On Dec. 16, 1773, members of the Sons of Liberty boarded British ships in Boston Harbor and destroyed their cargo of tea, taking another step toward the Revolutionary War.
“Boston Harbor a Teapot Tonight!”
Needing money to pay off its considerable debts, the British government imposed a series of new taxes on the American Colonies in the 1760s. The taxes—particularly the ones created by the Stamp Act in 1765 and the Townsend Acts, which taxed import goods, in 1767—outraged the colonists, who claimed that they could not be taxed without representation in the British Parliament.
In 1770, faced with increasing hostility in the Colonies, which was intensified by the Boston Massacre that March, the British repealed all the taxes included in the Townsend Acts except for the one on tea. American patriots refused to pay the tax, and illegally smuggled tea into the Colonies.
Meanwhile, the East India Company, a powerful trading company that was an important tool in Britain’s colonial expansion, was nearing bankruptcy. In 1773, the British government excused the East India Company from customs duties and gave it a monopoly on tea importation to America, undercutting the smugglers.
“The Americans would now get their tea at a cheaper price than ever before,” explains EyeWitness to History. “However, if the colonies paid the duty tax on the imported tea they would be acknowledging Parliament’s right to tax them.”
Colonists in port cities blocked East India ships from docking or placed the cargo in warehouses. In Boston, determined East India agents managed to land their ships in spite of the resistance.
On Nov. 28, 1773, three British ships—the Dartmouth, the Eleanor and the Beaver—arrived in Boston Harbor with a cargo of tea, but colonists would not allow the ships to be unloaded. The Sons of Liberty, a secret revolutionary organization led in Boston by Samuel Adams, felt compelled to act.
On the evening of Dec. 16, members of the organization dressed as Mohawk Indians and boarded the ships. Shouting “The Mohawks are come!” and “Boston harbor a teapot tonight!” the patriots split tea chests open with tomahawks and threw 35,000 pounds of leaves overboard. The tea was piled so high that it spilled back onto the decks and had to be shoveled over the side again.
Their work complete, the disguised patriots marched away to the tune of a fife. News of the Boston Tea Party spread, and other towns set about destroying the East India Company tea or otherwise preventing its importation.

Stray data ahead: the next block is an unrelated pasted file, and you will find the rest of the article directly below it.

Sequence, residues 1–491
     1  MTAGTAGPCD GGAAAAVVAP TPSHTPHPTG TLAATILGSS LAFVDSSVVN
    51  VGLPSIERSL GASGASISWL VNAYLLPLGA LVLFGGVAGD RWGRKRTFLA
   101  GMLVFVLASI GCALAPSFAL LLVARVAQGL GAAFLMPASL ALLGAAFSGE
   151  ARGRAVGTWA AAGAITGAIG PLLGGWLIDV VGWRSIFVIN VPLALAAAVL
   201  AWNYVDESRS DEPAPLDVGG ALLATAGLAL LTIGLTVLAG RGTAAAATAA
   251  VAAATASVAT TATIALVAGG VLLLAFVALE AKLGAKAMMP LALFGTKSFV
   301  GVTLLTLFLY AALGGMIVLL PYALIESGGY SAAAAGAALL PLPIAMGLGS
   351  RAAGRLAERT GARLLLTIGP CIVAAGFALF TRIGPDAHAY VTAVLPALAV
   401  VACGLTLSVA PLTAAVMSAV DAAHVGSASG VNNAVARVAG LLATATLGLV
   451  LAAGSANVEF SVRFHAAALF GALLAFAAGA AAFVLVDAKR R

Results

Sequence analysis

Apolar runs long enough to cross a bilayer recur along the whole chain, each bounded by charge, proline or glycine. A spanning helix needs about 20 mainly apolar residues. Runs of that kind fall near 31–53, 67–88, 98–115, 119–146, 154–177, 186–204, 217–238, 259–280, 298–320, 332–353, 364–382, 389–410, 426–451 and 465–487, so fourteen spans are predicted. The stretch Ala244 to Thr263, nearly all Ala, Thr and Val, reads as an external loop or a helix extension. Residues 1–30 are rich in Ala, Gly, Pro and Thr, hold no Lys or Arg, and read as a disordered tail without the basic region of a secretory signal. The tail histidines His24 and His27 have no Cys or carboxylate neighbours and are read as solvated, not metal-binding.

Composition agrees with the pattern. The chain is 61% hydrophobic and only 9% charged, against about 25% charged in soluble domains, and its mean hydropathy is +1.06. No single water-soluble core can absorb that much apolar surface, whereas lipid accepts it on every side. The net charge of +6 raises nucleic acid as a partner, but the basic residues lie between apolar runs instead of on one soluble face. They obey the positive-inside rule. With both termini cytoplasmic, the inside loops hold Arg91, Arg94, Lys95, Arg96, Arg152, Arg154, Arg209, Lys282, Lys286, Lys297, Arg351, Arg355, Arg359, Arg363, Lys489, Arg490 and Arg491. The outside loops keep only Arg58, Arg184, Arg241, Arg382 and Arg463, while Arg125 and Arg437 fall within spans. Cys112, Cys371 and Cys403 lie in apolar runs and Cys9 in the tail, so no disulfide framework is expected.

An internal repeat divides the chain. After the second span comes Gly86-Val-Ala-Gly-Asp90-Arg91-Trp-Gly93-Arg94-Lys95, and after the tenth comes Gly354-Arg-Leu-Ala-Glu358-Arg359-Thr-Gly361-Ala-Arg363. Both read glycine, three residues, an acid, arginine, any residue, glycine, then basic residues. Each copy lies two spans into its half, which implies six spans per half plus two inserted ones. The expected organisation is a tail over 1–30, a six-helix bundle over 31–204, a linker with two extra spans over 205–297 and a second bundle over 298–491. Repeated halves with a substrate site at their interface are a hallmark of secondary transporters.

Primary Accounts of the Boston Tea Party
History Matters provides the witness account of George Robert Twelve Hewes, a Boston shoemaker who led part of the Tea Party.
The Library of Congress offers the Boston Gazette’s report on the Tea Party in its Dec. 20, 1773, edition.
Britain Closes Boston Harbor, Passes Intolerable Acts
King George III and British Parliament reacted angrily to the Tea Party; “Hardliners in the British government, looking for reasons to clamp down on the Bay colony, found their cause,” writes PBS. Boston Harbor was shut down immediately and Benjamin Franklin, Massachusetts’ agent to the British government, was lambasted by Parliament.
In 1774, Britain passes a series of acts—known as the Intolerable Acts or Coercive Acts—in response to the Tea Party. Four of the five acts were designed specifically to punish Massachusetts. The hostility created by the Tea Party and Intolerable Acts put Britain and the colonies on the road to war. A year later, in April 1775, the Battles of Lexington and Concord marked the beginning of the Revolutionary War.
Samuel Adams and the Sons of Liberty
Samuel Adams was “an American patriot, one of the leaders of resistance to British policy in Massachusetts before the American Revolution,” writes iBoston. He was the head of the Boston chapter of the Sons of Liberty, a secret organization dedicated to achieving independence from Britain.
The Sons of Liberty dined at the Liberty Tree Tavern in Dorchester, now part of Boston, in 1769, where their names were taken down. The document is available at the Massachusetts Historical Society; prominent names include Samuel and John Adams, John Hancock and Paul Revere.
Many of those men participated in the Boston Tea Party. The Boston Tea Party Historical Society provides a partial list of participants, who were men of all different backgrounds.
Sources in this Story
- Country Studies/Area Handbook Series (U.S. Department of State): Boston “Tea Party”
- EyeWitness to History: The Boston Tea Party, 1773
- Boston Tea Party Ships and Museum: Boston Tea Party History
- History Today: Mohawks, Axes and Taxes: Images of the American Revolution
- PBS: Liberty! The American Revolution: Boston 1774
- Milestone Documents: Intolerable Acts
- iBoston: The Boston Tea Party
- Massachusetts Historical Society: An Alphabetical List of the Sons of Liberty who din’d at Liberty Tree, Dorchester”
- Boston Tea Party Historical Society: The Complete List of Participants